According to the state health department data, 40 Clark County teens ages 15 to 17 attempted suicide between 2009 and 2013. Those who cut or poisoned themselves survived their injuries; the five who used a firearm did not. The sixth teen who died by suicide suffocated, according to the data.
The numbers raise questions among health officials: How are teens accessing guns, and why are they contemplating suicide?
Washington’s suicide rate, which is about 23 percent higher than the nation’s, also has prompted a new state law that encourages suicide-prevention training for the firearms and pharmaceutical industries. Lockett John’s hope for the initiative is that firearms owners will keep guns out of the hands of unsupervised teens.
“Teenagers should never be left alone with firearms, no matter how much training they have,” she said.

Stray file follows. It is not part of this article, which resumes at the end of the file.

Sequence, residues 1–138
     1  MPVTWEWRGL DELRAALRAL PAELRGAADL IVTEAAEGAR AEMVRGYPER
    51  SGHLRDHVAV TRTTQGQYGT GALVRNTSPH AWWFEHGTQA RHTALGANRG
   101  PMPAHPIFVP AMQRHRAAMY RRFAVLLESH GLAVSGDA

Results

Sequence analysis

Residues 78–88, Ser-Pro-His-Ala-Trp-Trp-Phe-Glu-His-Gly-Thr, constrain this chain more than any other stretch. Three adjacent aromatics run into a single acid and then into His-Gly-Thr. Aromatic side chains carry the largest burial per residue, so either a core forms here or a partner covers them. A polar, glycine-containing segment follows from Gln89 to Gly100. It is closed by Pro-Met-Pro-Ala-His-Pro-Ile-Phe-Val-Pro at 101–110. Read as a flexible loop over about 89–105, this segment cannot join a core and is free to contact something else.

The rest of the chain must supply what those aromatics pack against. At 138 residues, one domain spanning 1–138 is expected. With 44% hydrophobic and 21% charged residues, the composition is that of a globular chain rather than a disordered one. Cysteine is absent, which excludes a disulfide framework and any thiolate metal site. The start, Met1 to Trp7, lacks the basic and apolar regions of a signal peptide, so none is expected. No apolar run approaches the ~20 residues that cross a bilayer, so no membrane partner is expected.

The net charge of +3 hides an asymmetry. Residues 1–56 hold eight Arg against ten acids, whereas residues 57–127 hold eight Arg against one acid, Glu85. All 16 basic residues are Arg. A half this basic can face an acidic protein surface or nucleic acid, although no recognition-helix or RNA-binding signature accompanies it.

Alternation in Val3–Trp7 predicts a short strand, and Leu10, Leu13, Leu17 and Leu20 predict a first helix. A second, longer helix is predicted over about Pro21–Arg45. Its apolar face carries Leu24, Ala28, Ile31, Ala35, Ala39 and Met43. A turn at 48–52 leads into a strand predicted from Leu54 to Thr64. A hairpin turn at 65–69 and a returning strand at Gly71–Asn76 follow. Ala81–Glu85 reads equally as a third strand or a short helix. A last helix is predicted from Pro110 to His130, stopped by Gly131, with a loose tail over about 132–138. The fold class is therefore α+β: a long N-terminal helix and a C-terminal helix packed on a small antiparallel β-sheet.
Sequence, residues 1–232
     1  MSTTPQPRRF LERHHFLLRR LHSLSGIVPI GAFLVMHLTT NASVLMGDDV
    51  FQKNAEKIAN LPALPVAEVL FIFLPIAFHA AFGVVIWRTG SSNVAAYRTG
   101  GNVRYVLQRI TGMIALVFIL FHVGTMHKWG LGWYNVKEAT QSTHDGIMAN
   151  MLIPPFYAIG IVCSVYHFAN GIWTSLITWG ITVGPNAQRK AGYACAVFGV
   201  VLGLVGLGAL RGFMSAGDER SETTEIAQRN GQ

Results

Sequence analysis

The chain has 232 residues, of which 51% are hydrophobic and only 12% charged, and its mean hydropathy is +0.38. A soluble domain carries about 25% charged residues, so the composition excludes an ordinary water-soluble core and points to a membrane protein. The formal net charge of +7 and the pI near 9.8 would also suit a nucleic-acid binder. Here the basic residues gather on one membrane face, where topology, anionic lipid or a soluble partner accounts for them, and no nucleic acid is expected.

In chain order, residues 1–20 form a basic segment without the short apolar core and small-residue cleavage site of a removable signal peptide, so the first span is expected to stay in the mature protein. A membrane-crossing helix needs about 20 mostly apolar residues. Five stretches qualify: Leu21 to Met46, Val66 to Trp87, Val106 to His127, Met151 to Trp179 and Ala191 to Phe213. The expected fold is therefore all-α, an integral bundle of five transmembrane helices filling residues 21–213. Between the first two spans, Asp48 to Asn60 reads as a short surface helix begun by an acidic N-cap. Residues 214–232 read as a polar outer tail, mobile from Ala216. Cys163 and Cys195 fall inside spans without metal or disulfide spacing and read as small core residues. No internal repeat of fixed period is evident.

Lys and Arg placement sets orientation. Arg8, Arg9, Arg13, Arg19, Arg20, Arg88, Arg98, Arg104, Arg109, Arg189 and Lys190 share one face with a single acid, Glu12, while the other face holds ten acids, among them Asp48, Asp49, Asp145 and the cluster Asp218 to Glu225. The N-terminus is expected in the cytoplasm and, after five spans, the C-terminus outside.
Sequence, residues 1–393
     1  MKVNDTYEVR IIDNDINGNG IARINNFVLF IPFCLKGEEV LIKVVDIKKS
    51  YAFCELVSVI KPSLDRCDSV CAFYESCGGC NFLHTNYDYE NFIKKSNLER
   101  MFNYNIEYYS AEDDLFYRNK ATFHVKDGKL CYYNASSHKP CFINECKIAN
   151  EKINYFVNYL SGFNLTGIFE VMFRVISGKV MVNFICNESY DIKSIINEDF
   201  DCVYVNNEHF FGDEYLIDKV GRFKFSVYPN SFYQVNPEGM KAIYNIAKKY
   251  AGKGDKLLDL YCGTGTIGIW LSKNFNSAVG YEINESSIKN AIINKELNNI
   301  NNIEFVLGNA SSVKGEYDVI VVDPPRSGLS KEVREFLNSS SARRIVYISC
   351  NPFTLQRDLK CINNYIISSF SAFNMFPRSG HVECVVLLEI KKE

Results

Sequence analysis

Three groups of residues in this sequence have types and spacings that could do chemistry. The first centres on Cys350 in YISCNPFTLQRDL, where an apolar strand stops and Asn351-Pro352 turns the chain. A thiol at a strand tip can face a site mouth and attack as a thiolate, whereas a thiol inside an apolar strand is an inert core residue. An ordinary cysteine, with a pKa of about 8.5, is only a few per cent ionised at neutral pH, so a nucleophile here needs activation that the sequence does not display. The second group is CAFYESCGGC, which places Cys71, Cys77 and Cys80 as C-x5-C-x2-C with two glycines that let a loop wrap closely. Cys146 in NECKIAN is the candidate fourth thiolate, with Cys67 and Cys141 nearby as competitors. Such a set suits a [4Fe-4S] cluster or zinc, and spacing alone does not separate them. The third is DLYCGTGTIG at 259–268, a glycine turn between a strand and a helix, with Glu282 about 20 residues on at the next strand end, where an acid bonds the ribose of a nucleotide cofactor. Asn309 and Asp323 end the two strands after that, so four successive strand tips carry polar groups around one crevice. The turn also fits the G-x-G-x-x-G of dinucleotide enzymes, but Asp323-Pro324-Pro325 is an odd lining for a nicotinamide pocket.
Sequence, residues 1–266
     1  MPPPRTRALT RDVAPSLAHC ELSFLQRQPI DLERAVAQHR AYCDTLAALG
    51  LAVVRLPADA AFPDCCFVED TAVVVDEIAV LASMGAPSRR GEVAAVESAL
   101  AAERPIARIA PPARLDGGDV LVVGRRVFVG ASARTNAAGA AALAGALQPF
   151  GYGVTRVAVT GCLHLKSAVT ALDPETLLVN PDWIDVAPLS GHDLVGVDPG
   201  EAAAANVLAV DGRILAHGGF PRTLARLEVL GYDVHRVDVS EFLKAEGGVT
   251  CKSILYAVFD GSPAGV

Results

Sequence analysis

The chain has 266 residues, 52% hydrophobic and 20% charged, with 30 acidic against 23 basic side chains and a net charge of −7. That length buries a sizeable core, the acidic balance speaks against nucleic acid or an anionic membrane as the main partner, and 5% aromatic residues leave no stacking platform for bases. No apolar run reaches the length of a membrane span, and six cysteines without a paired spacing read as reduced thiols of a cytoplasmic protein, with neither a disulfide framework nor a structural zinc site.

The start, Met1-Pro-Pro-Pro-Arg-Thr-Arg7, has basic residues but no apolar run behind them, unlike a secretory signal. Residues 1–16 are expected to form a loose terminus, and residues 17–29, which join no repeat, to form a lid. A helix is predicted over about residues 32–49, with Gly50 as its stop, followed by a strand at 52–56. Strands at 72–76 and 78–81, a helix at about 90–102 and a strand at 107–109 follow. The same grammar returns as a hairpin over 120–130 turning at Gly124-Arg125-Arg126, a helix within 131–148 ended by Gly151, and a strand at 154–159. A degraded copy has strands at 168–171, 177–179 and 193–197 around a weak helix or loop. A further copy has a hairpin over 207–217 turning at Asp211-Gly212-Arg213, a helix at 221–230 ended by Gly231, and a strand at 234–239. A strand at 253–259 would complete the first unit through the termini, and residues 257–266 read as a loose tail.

Angst or illness?
Lewis County resident Debbie Reisert knows the pain of losing a teen to firearm suicide. Her 16-year-old grandson, Brian Stephens, used a gun to kill himself in May 2009. He found the weapon unsecured in a neighbor’s trailer, Reisert said.
“It was a real tragedy that could have been prevented if people had known what to do, including myself,” said Reisert, who lives in Packwood. “I had no idea he was struggling like that. In Brian’s case, I really do believe it was an impulsive act.”
Her grandson was intelligent, articulate, and an all-around good kid, but within the last year of his life his grades began to slip, he was hanging out with the wrong crowd and exhibiting some behavioral issues. “We thought he was just goofing around. We thought he was being an adolescent, a 16-year-old,” Reisert said.